This week, law enforcement throughout the country will observe National Police Week to honor fellow officers who have died in the line of duty.
One officer that will be honored is Montrell Jackson, the Baton Rouge police officer who was killed less than a week after the police-involved shooting of Alton Sterling. Days before his untimely death, Officer Jackson described on Facebook his unique struggles as a black police officer. He recounted the nasty looks he received: from communities that did not trust him when he was in uniform, and from other officers that considered him a threat when he was in plainclothes. His experience dramatizes the need for a Police Week that focuses not only on the officers who have been lost, but also on the changes that will improve community-police trust, as well as officer and public safety.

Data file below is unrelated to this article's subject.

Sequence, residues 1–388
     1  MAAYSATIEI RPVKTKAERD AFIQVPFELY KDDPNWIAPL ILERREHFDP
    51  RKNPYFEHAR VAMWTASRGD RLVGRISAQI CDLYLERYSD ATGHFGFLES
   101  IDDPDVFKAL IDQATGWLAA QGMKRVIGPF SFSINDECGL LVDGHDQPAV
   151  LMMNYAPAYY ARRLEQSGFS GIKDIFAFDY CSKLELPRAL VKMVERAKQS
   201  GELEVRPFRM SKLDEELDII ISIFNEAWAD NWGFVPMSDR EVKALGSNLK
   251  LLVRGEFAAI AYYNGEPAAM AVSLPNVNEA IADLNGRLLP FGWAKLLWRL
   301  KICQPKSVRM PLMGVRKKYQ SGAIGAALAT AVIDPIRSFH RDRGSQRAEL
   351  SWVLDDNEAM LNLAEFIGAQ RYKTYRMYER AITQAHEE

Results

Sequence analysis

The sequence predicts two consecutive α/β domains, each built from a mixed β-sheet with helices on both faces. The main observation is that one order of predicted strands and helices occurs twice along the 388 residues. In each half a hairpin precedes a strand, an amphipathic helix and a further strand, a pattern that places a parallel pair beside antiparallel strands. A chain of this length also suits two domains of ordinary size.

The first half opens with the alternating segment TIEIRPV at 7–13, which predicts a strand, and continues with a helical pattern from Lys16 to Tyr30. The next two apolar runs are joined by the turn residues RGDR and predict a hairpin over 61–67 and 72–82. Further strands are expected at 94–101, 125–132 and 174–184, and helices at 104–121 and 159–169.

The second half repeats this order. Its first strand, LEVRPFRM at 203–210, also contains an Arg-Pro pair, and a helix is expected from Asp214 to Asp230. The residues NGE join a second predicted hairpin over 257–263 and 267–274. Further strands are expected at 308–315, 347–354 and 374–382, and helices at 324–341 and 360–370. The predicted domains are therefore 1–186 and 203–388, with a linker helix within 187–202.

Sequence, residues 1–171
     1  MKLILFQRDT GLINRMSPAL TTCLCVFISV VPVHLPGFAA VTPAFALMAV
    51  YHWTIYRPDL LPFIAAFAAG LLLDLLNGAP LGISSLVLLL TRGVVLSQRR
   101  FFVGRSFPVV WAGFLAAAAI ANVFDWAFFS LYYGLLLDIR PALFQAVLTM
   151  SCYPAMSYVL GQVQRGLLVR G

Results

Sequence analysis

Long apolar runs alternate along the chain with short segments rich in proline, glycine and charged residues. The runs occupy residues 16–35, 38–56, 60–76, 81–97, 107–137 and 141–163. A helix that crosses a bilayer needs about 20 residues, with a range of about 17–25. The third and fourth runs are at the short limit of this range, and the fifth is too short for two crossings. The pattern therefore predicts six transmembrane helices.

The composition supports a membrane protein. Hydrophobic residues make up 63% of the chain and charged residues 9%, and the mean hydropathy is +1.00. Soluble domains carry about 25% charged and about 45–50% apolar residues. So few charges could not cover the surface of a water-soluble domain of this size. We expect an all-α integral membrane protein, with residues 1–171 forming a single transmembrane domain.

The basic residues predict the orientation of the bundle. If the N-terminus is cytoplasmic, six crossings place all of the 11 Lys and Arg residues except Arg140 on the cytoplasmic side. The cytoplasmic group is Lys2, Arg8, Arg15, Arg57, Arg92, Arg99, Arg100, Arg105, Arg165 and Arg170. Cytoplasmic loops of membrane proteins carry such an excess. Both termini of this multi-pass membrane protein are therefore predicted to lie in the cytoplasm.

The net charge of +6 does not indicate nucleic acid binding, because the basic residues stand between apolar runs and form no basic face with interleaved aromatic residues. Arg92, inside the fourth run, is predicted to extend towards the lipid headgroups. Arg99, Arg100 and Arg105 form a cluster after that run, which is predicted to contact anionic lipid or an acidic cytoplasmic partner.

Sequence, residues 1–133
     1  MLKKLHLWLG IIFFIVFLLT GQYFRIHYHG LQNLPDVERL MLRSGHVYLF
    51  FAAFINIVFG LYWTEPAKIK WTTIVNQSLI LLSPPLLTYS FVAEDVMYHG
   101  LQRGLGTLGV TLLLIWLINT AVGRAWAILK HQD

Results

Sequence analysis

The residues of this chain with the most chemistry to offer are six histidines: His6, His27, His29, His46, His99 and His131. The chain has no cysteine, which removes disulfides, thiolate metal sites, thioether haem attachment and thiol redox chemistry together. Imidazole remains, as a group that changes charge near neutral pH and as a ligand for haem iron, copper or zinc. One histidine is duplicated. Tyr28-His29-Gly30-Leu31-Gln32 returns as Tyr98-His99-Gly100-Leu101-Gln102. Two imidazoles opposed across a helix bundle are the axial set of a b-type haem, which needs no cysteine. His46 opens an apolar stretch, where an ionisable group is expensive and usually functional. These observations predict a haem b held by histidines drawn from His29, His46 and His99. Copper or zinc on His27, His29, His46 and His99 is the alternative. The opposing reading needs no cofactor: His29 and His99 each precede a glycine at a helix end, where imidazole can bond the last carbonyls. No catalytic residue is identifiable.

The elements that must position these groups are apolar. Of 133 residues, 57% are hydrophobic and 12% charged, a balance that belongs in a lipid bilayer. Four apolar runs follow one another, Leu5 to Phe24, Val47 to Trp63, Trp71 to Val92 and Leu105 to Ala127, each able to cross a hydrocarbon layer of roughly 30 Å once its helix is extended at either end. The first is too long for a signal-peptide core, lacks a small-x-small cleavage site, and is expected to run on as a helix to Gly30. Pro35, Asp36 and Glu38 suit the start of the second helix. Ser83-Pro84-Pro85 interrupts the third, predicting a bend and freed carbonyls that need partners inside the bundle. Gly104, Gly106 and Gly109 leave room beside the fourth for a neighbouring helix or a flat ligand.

Unfortunately, Congress has chosen to spend this week considering redundant legislation that will only widen the gap between communities and law enforcement, without any added security benefit. These bills, the Thin Blue Line Act and the Probation Officer Protection Act of 2017, which are scheduled for a vote in the House this week, prioritize divisive political pandering over meaningful reform.
Read the full article here.
Read LDF’s letter of opposition to the Thin Blue Line Act here.